No Carbonation Challenge

My “no carbonation/no alcohol” challenge is finally over. I made it 20 days (1 day longer than I had planned.) It was surprisingly hard. A normal day contains a pop and a beer for me and I think I’ve kicked those habits. At least the cravings have definitely subsided.

The most interesting part of this experiment was talking to other people about it and hearing their reactions. Here are the three main things people said when they heard about it:

  • That doesn’t sound hard. I don’t drink pop and I hate beer. Well duh. Pick something that’s not healthy that you do regularly and try to ditch it for three weeks. How about coffee?
  • Why? Because neither one is good for me in the long run and I like to break bad habits. I’m not saying I’ll never drink either again, but cravings for anything bother me because I know it’s not something my body really needs but rather something it expects. I got the idea for this challenge from a team at work. They had a large chart on the wall entitled “No Carbonation Challenge” and you got to put an X next to your name every time you went a day without it. Since beer was already off the table, I decided to dismiss all alcohol.
  • Good. Pop will kill you. I gave it up X years ago.

So now that it’s over, what’s the plan? Beer is delicious and it’s not that unhealthy when you drink it in moderation. Drink it I shall. I’ve read a number of studies about the positive effect of a few beers a week.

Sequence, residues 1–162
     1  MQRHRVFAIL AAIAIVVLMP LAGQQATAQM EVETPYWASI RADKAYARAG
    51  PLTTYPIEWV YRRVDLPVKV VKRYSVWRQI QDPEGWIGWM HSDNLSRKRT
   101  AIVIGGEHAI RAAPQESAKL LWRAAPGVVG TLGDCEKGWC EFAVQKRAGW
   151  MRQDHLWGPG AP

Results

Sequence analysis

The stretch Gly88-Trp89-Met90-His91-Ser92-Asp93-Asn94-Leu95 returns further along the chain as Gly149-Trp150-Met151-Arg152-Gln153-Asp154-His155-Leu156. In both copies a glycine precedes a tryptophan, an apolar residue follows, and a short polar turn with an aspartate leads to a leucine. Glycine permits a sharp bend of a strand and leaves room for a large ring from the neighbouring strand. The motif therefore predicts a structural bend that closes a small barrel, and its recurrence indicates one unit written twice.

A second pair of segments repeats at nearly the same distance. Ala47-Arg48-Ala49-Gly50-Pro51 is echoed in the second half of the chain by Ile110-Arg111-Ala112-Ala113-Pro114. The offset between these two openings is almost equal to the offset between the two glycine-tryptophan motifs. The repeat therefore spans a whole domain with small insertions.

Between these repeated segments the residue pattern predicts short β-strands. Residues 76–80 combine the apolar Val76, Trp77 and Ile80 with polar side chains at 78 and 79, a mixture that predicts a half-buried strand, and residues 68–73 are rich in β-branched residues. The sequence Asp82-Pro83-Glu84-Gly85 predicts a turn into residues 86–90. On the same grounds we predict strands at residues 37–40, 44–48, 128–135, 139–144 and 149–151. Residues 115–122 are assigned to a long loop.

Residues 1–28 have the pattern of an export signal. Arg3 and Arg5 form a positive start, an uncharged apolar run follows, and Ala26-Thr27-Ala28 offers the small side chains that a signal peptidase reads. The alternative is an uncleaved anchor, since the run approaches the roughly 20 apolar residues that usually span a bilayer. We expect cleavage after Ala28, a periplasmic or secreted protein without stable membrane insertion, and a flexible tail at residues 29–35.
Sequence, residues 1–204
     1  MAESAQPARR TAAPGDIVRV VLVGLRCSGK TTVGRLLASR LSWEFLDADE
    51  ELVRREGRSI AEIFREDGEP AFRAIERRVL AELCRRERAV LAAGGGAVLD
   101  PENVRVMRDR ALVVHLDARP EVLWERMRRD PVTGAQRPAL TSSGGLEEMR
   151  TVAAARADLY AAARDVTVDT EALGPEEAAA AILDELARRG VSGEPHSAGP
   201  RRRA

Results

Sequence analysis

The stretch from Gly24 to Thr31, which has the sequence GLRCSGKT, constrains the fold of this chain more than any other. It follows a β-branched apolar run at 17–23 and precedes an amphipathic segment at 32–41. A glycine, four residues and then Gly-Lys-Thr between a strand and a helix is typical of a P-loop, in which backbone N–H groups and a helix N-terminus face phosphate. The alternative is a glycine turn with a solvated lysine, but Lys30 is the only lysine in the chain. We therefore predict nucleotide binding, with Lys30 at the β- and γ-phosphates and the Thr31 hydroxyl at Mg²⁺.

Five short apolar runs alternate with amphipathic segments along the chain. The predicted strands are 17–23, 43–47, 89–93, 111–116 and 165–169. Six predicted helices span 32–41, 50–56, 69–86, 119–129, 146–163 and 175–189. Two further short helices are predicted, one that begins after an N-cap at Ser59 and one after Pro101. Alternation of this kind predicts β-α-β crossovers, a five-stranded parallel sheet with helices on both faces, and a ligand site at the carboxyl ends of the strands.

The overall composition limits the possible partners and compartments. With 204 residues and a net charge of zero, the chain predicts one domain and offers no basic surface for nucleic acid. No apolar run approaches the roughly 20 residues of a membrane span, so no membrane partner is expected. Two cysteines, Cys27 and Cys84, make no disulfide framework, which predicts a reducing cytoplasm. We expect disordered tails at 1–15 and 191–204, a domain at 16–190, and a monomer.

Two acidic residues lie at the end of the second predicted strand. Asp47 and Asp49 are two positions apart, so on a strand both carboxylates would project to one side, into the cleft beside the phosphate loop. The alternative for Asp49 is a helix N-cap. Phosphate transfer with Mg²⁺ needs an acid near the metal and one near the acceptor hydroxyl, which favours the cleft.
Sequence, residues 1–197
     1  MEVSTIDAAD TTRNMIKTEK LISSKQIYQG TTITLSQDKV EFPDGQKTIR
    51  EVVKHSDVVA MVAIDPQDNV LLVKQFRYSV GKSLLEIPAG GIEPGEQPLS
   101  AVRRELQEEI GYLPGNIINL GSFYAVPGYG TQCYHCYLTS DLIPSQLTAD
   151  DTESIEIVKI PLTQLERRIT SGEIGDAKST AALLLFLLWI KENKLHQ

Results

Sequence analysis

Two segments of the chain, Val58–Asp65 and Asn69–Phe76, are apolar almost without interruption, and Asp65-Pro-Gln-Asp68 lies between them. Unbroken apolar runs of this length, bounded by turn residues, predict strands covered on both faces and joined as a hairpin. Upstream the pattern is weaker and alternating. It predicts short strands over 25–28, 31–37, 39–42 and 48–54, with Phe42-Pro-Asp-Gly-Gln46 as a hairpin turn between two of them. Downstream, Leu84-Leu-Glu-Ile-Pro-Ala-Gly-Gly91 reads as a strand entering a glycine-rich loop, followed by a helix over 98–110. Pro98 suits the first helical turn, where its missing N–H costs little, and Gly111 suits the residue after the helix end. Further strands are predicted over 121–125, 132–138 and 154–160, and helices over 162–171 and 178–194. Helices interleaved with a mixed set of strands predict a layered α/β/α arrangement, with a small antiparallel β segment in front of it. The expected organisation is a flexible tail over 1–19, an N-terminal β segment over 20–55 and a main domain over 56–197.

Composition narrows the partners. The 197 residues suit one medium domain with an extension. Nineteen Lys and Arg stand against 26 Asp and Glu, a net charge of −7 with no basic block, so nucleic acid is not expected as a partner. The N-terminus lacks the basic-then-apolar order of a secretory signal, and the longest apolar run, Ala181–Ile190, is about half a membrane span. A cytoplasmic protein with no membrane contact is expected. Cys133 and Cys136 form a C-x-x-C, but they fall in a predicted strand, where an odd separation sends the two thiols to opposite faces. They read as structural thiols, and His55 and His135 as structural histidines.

Pop is another beast. There are really no redeeming qualities about pop. Regular pop has an incredible amount of sugar in it. A 20oz pop (a medium drink at McDonald’s) has 17.25 sugar packets in it! A can has 10 packets. One can of pop per day adds 15.64 pounds per year. Gross. Regular pop is liquid candy, but is diet pop a good substitute? I’m very much a novice, but the reading I’ve done says that despite the Internet conspiracy theories, sucralose (Splenda) is actually pretty safe as long as you aren’t consuming insane amounts. For now I’m putting sucralose on my safe list. Other artificial sweeteners like aspartame have a lot more controversy around them. Everything in moderation I suppose. My current plan is to drink sucralose sweetened drinks and watch how much of the other sweeteners I consume. Part of me thinks it’s silly to worry about these little things when I could do much better for myself by exercising regularly. Let’s not get too crazy here though.

All in all, this was very interesting and educational. Why didn’t I do it for a full month? Two weeks is the amount of time it usually takes to break a habit. And more importantly, by the time I thought of it, there were only three weeks left until the first camping trip.